The South Pole has two seasons – summer and winter which are at the opposite times of the year from when they occur here. January is summer, but it is not warm there. −15 °F is the average temperature. During the winter, the sun never rises; during the summer, the sun never sets! So the sun sets in March and rises in October, which makes for a really long night and a really long day each year.
South Pole is at the southernmost point of the surface of the Earth, exactly opposite the North Pole. It is located in Antarctica, a continent that is covered with a thick layer of ice. In most places the ice is about 7,000 feet thick! A large portion of the continent is desert because only a few inches of snow fall each year. This snow does not melt and continues to pile up and blow into drifts.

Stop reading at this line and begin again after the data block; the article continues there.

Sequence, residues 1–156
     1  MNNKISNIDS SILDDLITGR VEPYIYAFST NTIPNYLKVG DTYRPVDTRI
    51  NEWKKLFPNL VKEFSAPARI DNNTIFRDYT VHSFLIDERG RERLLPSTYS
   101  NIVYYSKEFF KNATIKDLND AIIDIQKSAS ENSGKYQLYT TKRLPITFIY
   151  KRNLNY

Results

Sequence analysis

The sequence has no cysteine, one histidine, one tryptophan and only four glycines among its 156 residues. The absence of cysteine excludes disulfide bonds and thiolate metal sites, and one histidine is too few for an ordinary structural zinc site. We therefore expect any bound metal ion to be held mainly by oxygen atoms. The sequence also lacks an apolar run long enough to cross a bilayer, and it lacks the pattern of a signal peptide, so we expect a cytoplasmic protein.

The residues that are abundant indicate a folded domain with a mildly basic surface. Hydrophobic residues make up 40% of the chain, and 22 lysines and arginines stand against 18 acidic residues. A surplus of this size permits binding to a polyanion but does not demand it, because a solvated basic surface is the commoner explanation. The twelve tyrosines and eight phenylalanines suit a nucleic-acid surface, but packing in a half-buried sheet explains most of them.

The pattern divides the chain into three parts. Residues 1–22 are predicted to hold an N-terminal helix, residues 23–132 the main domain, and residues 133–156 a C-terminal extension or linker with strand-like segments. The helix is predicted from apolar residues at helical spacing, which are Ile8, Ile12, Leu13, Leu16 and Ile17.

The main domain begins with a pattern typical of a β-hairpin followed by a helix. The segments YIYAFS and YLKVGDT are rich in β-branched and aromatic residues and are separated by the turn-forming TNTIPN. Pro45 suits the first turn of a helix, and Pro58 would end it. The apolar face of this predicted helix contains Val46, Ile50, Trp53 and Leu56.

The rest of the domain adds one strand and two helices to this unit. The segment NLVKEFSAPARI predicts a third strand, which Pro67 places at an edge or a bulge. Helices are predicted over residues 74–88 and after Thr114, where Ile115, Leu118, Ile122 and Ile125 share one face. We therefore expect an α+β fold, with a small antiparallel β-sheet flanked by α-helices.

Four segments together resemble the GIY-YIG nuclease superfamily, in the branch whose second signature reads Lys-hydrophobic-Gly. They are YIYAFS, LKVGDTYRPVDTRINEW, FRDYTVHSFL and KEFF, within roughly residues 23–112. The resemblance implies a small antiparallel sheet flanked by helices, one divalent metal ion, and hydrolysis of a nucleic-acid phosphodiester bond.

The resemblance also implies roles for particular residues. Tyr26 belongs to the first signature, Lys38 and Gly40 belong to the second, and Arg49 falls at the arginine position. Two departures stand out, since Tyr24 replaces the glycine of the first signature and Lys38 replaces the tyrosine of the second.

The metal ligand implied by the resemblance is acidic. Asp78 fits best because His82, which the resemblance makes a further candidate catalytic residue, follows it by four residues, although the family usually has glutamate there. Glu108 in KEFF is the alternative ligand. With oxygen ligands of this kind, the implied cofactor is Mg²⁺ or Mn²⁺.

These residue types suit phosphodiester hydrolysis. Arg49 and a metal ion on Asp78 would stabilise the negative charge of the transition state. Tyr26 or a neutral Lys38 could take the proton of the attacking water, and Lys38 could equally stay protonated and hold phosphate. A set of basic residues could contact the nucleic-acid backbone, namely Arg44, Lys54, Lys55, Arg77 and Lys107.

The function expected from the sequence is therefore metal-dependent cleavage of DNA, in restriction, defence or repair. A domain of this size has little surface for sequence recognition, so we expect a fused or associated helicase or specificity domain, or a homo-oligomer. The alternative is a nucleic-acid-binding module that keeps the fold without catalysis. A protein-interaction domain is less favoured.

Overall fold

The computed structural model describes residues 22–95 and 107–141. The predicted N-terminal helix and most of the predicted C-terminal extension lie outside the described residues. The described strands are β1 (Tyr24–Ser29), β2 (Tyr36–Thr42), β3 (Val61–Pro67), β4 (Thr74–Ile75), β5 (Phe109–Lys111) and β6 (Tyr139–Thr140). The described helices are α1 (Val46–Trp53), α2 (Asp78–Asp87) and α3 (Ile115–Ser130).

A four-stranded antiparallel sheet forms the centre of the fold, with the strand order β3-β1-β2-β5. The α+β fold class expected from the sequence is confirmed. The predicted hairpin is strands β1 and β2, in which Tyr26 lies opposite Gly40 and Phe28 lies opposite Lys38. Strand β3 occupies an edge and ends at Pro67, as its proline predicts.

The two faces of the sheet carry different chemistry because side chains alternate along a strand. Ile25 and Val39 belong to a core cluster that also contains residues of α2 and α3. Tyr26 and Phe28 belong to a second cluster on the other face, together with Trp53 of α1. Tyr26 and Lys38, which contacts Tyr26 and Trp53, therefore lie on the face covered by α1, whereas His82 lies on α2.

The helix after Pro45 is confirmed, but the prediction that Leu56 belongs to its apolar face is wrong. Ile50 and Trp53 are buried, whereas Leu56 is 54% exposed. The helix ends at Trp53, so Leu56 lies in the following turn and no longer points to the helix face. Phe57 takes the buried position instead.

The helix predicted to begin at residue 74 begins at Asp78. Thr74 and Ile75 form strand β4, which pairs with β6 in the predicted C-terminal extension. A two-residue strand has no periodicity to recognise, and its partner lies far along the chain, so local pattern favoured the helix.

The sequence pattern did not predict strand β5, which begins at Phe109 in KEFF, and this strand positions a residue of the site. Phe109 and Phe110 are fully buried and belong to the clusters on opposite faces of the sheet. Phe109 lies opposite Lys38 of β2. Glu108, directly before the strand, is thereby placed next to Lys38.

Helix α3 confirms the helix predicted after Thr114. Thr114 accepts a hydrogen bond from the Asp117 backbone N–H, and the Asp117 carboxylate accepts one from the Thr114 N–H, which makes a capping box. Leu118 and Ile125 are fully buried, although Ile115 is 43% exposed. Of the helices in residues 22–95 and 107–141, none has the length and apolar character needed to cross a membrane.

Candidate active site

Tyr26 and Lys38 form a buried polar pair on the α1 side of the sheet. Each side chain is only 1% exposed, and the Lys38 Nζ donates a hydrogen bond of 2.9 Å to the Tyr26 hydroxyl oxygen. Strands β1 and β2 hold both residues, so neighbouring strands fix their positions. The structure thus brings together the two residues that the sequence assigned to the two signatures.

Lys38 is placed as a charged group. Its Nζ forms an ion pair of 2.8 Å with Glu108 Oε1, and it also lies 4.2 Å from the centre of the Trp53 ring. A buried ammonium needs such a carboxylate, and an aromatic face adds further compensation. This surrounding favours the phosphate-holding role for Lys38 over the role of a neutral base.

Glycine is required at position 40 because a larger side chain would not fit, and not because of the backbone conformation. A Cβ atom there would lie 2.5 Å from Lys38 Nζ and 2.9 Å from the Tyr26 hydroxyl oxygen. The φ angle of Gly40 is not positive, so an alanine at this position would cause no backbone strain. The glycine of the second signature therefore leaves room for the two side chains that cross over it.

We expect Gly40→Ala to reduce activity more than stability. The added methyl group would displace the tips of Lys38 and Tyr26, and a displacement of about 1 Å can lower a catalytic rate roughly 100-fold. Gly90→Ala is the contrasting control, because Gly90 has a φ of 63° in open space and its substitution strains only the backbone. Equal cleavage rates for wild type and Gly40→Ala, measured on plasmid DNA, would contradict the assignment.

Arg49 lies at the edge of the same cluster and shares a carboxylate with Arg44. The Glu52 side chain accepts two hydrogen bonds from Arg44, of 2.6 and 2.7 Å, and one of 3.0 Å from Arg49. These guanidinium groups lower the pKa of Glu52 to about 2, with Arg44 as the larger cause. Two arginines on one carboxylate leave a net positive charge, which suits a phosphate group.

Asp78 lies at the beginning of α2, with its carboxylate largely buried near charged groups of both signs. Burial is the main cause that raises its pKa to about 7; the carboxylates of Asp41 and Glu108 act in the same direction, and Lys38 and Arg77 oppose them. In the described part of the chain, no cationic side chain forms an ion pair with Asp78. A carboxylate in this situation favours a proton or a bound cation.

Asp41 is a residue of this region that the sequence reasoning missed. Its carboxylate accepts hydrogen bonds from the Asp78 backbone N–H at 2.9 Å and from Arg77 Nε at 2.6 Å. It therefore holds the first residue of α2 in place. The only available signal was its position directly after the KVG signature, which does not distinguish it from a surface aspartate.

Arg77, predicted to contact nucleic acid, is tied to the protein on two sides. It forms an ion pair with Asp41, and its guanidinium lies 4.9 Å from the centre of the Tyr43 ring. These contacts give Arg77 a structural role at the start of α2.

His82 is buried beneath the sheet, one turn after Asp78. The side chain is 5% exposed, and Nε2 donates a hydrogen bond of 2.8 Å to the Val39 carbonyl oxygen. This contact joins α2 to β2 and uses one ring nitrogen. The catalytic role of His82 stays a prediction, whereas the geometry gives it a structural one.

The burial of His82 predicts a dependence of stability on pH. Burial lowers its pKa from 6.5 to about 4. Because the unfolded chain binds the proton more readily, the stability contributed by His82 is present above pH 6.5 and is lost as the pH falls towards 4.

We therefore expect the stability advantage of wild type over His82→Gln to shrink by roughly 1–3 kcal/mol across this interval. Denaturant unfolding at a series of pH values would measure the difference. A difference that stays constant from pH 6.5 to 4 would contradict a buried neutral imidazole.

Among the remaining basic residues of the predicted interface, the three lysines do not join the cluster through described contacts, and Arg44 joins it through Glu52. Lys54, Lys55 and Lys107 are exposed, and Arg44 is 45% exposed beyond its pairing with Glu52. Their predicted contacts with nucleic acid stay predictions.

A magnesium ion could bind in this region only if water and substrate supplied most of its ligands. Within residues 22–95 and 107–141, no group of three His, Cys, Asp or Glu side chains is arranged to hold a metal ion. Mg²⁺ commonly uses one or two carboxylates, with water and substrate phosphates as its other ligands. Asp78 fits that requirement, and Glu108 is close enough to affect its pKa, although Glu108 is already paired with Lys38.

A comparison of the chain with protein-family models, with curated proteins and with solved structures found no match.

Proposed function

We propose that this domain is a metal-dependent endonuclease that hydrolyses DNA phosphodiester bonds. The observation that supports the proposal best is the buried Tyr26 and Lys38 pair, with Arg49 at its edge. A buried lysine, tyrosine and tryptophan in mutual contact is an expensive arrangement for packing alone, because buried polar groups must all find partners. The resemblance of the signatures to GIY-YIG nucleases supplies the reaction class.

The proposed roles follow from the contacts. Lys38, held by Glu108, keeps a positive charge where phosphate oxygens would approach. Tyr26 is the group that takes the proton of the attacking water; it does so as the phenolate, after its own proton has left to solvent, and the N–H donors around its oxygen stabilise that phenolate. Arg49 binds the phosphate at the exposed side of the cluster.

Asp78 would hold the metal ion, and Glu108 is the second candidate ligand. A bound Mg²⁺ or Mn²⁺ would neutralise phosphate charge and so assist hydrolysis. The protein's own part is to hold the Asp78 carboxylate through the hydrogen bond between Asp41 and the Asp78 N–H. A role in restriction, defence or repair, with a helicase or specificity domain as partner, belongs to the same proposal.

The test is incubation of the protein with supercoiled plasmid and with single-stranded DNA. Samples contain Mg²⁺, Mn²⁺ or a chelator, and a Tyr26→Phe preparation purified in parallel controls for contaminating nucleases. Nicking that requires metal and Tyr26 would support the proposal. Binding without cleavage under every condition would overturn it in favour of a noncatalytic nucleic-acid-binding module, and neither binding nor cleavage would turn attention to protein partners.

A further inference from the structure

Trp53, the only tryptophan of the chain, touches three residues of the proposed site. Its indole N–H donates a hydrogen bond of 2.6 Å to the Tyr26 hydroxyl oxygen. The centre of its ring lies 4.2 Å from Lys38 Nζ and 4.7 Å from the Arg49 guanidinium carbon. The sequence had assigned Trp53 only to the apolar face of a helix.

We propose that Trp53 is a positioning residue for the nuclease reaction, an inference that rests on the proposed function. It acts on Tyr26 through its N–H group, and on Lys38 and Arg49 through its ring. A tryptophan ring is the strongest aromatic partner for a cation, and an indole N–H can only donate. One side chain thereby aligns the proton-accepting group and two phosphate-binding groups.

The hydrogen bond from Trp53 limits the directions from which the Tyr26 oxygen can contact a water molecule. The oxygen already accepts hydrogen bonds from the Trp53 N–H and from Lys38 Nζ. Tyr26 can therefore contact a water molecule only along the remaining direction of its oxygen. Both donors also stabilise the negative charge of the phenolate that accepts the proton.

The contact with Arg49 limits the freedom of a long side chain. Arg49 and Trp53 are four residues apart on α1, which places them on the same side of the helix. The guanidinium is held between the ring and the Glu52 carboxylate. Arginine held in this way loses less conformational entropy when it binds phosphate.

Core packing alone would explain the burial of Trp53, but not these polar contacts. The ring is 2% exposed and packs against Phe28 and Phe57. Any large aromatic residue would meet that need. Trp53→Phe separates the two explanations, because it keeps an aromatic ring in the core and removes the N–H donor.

Research is being done in Antarctica to study global climate changes. Over a thousand scientists from all over the world study in this Antarctic environment, but only a few hundred remain through the dark, frigid winter.
The South Pole was first reached by explorers on December 14, 1911. Roald Amundsen and his team from Norway were well prepared. They brought 97 dogs from Greenland and just 19 men.